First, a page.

Celiac disease (CD) is a genetic intolerance to the gluten in wheat, rye, and barley. If you’ve never heard of CD, you’re not alone. Many medical professionals are still unaware of the disease or not current in their knowledge, so it’s significantly under diagnosed.
Once thought to be a rare disorder, CD is now known to affect at least 1 in 100 Americans. CD can develop at any age, from infancy to late adulthood. Because of the known genetic component, routine screening on a regular basis is recommended for relatives of people with CD.
Who else should be tested for CD? According to the University of Chicago, people with related autoimmune disorders (diabetes, Hashimoto’s thyroiditis, etc.) and any person with Down Syndrome should be screened on a periodic basis. Click here to download a pdf from the University of Chicago with more info on who should be tested for celiac disease. Learn about the many conditions, including heart and lung symptoms, associated with undiagnosed CD by visiting the Celiac Nurse blog.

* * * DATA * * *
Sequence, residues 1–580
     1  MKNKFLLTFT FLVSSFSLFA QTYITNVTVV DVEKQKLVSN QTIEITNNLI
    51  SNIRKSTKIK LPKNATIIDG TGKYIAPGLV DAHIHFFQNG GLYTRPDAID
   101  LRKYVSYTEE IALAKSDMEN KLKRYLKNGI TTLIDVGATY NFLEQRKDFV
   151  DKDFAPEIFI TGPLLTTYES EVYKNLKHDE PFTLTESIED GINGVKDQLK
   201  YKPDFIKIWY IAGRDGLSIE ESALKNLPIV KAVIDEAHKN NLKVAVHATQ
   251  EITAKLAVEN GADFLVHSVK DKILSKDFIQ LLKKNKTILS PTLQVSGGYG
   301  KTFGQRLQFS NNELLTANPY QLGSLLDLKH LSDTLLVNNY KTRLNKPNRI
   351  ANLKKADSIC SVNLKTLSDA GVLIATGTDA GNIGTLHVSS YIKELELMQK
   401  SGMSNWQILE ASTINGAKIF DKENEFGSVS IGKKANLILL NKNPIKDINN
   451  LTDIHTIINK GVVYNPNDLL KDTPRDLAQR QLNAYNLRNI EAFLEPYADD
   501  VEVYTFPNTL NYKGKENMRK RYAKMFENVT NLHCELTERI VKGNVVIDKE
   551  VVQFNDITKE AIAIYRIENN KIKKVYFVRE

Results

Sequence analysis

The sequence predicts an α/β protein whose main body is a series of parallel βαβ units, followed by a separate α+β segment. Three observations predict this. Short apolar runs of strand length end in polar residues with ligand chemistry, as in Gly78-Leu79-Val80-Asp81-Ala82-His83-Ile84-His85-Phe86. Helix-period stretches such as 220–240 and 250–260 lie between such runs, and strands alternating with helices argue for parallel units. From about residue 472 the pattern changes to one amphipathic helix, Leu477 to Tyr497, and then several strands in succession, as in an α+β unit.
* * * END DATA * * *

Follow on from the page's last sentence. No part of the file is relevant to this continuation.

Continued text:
The great news about CD is that it can be treated by following a gluten free diet. Eating gluten free does not mean feeling deprived or settling for “special diet” food that’s second rate. It’s sad, but when some people hear the phrase gluten free, they automatically assume it must suck.
May is Celiac Disease Awareness Month, according to several national not-for-profit organizations dedicated to raising awareness of CD. Wouldn’t a single organization be more effective?
For current information on CD, please visit the University of Chicago’s Celiac Disease Center.